« Reply #9 on: March 04, 2018, 07:25:16 PM »

Is this the difference in sound? Watch the video below between 4:21 and 5:00

https://youtu.be/Gdkb4o7R3-Q?t=4m21s

pete /acorn

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Re: Puzzled on How a Certain Buttery/Mellow Sound is Achieved.
« Reply #10 on: March 04, 2018, 07:39:13 PM »

I know Paul and I think the box he is playing is a Saltarelle.
As others have said,you are hearing a box through speakers and  in a large room recorded on probably a phone not a true indication of the actual box sound
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Falconer

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Re: Puzzled on How a Certain Buttery/Mellow Sound is Achieved.
« Reply #11 on: March 04, 2018, 08:04:58 PM »

Hmmm. I watched the video "Choosing an accordion for Irish Music II. Yes, I hear something similar there when he plays LMM. Michael R. suggested what I'm hearing might be LM. And yes, I see how some of the effect is coming from droning on the basses through many notes. This is another video that struck me as having the pleasing buzzing sound to the notes https://www.youtube.com/watch?v=1KwJzViwWqw. The owner, PAF135, is droning his bass notes also, but the individual notes also have a smooth, buzzy quality.
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boxcall

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Re: Puzzled on How a Certain Buttery/Mellow Sound is Achieved.
« Reply #12 on: March 04, 2018, 08:25:32 PM »

I know Paul and I think the box he is playing is a Saltarelle.
As others have said,you are hearing a box through speakers and  in a large room recorded on probably a phone not a true indication of the actual box sound
Pete,
That would be this box then, looks like a two voice, I don't see any switches.
The buzzing only starts when he kicks in with the bass to my ear.
https://m.youtube.com/watch?v=yOUQTrXabFo
Hearing the first video the OP posted it sound more like a three voice but that is probably the large room as you say.
Looks like he also plays a Loffet and other boxes also.
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Stiamh

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Re: Puzzled on How a Certain Buttery/Mellow Sound is Achieved.
« Reply #13 on: March 04, 2018, 09:38:04 PM »

In this clip he is playing a Loffet with a L voice that he brings in partway through.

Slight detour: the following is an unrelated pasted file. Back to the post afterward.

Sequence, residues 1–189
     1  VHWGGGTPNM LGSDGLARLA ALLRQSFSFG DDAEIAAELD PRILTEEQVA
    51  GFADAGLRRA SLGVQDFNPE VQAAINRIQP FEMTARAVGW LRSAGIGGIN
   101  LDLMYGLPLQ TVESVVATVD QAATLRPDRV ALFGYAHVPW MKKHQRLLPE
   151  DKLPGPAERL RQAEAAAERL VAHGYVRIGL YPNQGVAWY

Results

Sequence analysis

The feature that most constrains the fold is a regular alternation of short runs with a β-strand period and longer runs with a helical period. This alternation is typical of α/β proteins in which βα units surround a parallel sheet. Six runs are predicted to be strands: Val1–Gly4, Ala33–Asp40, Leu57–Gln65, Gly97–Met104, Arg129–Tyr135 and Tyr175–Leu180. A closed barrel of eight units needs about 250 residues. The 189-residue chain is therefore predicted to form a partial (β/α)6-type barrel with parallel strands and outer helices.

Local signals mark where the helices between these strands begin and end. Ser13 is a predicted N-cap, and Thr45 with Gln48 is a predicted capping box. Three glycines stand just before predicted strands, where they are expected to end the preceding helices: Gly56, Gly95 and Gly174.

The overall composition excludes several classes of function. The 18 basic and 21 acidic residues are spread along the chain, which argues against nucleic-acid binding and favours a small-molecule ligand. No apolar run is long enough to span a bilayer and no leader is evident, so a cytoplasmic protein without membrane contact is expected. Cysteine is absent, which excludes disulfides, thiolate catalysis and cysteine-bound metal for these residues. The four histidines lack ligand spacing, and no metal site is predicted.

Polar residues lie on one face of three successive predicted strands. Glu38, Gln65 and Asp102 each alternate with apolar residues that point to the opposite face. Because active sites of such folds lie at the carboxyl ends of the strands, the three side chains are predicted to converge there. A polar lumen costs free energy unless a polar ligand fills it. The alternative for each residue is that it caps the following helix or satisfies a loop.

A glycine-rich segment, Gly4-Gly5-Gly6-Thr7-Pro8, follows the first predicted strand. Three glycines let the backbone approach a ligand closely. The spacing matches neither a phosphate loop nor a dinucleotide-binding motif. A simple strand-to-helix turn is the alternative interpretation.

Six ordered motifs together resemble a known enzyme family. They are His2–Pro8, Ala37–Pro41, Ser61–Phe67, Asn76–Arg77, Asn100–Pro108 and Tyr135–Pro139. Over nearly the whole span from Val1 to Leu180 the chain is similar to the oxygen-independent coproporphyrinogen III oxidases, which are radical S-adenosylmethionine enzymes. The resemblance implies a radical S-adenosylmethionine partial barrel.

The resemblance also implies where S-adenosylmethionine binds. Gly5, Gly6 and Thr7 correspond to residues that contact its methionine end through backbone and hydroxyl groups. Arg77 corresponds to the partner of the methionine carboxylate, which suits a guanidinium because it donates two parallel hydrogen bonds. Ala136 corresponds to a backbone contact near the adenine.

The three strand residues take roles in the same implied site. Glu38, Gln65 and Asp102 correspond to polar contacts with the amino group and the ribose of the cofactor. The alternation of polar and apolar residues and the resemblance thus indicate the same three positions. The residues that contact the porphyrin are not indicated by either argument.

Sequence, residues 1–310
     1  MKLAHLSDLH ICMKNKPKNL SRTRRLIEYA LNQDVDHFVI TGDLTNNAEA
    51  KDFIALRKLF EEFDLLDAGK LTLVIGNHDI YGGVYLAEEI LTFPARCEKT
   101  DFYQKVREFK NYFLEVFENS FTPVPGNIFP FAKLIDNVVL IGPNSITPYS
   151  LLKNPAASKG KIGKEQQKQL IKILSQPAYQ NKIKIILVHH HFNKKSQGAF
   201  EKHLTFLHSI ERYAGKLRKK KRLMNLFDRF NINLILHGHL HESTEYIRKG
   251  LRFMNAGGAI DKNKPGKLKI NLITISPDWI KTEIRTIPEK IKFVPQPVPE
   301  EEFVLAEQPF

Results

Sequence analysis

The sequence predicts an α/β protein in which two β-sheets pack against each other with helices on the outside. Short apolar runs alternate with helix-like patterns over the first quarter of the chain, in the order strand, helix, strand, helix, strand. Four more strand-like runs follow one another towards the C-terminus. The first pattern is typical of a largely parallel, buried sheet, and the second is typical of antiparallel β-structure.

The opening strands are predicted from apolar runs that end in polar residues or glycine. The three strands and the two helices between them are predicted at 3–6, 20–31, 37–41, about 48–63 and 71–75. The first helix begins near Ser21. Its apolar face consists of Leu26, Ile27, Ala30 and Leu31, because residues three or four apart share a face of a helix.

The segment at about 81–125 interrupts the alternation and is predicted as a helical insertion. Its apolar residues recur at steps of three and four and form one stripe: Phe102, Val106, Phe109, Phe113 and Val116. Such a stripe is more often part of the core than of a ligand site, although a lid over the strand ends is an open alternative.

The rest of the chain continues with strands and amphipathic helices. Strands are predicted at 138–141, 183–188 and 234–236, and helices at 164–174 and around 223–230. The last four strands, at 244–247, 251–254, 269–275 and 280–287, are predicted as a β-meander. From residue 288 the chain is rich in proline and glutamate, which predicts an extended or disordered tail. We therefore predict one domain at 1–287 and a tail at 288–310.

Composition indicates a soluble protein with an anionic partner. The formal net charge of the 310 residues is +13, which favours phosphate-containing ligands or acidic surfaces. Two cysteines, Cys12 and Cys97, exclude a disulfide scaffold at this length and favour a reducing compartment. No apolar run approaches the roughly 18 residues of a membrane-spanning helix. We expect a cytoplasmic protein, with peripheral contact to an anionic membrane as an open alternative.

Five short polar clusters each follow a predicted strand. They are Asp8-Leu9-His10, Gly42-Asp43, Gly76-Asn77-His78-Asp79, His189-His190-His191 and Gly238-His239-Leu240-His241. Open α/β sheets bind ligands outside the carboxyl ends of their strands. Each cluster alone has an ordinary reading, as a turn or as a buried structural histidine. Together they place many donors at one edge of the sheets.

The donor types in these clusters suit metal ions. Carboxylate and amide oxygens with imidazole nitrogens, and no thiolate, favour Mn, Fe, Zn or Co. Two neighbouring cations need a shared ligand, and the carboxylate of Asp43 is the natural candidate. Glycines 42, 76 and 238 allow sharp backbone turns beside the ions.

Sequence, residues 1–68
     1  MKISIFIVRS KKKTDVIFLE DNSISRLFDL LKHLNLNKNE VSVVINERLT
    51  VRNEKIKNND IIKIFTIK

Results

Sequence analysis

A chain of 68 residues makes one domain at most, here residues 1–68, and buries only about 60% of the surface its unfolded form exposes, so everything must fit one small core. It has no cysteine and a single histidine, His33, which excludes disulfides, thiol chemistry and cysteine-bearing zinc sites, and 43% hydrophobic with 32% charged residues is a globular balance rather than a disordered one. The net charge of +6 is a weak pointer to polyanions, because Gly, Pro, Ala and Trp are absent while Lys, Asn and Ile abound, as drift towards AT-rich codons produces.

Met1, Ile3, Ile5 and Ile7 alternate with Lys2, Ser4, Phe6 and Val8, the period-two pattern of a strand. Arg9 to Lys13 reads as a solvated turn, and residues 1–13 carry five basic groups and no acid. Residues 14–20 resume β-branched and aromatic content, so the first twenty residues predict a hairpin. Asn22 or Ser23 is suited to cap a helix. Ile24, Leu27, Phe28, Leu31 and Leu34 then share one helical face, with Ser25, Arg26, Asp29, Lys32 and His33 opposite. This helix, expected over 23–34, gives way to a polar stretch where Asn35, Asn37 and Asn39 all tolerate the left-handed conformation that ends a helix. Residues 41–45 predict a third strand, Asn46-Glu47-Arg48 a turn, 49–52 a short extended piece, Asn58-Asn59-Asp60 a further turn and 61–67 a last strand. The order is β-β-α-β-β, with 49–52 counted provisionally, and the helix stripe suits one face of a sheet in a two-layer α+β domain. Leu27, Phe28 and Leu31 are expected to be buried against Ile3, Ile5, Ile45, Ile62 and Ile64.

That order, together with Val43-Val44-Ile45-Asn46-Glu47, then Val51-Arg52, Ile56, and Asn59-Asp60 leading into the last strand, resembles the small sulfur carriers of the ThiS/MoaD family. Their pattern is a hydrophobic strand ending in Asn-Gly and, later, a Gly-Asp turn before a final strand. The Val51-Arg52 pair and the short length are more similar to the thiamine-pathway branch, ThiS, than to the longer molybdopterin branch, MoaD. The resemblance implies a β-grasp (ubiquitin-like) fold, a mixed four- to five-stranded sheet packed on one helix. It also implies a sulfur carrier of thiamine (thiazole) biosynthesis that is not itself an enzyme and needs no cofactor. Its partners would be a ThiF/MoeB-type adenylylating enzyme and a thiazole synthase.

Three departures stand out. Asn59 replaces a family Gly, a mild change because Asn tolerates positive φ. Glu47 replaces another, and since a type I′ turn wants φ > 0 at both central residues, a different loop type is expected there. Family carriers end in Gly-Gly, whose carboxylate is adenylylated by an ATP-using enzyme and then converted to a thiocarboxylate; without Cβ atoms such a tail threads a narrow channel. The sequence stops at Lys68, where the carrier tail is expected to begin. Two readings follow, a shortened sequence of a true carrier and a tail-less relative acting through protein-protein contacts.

Back to Belgian tune clip - never mind the buttery sound: I'd love to be able to call a dance while supplying the music at the same time. In fact I'd love to be able to say more than three words together while playing! Fair play to you Paul Young!

pete /acorn

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Re: Puzzled on How a Certain Buttery/Mellow Sound is Achieved.
« Reply #14 on: March 04, 2018, 10:25:55 PM »

Don't know if it is that one but he does have an older Saltarelle.

Re playing and doing other things,Paul is a stand in musician in my two daughters band, www.fiddlerswreck.co.uk.
Marie plays accordion and Nicky Fiddle,they regularly can be seen playing,keeping an eye on the dancers and chatting all at once
Michael also calls and plays concertina

« Last Edit: March 04, 2018, 10:27:46 PM by pete /acorn »
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Andy in Vermont

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Re: Puzzled on How a Certain Buttery/Mellow Sound is Achieved.
« Reply #15 on: March 05, 2018, 03:02:35 PM »

After listening to these clips, I think I know the sound you are referring to, which I would describe as “buzzy.” I believe it has something to the way the octaves are tuned but I also would like someone to explain it!

I know Paul and I think the box he is playing is a Saltarelle.
As others have said,you are hearing a box through speakers and  in a large room recorded on probably a phone not a true indication of the actual box sound
Pete,
That would be this box then, looks like a two voice, I don't see any switches.
The buzzing only starts when he kicks in with the bass to my ear.
https://m.youtube.com/watch?v=yOUQTrXabFo
Hearing the first video the OP posted it sound more like a three voice but that is probably the large room as you say.
Looks like he also plays a Loffet and other boxes also.

Falconer

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Re: Puzzled on How a Certain Buttery/Mellow Sound is Achieved.
« Reply #16 on: April 01, 2018, 08:22:33 PM »

Thanks Paul. I watched the Andy Cutting video and yes he has the buzz going on the right hand and the growl going on the left. And John Spiers has something similar going on with Jiggery Pokerwork. I understand the number of factors you discuss. Interesting that it does not have anything to do with the tuning. But I assume we are talking about a dry tuned box - so that we don't have a lot of undertones throwing off the stacking of the notes.
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Rees

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Re: Puzzled on How a Certain Buttery/Mellow Sound is Achieved.
« Reply #17 on: April 01, 2018, 08:29:41 PM »

Yes, it works best on a dry tuned box. It's common to use the same techniques with tremolo tuning which produces more of a shimmer than a buzz.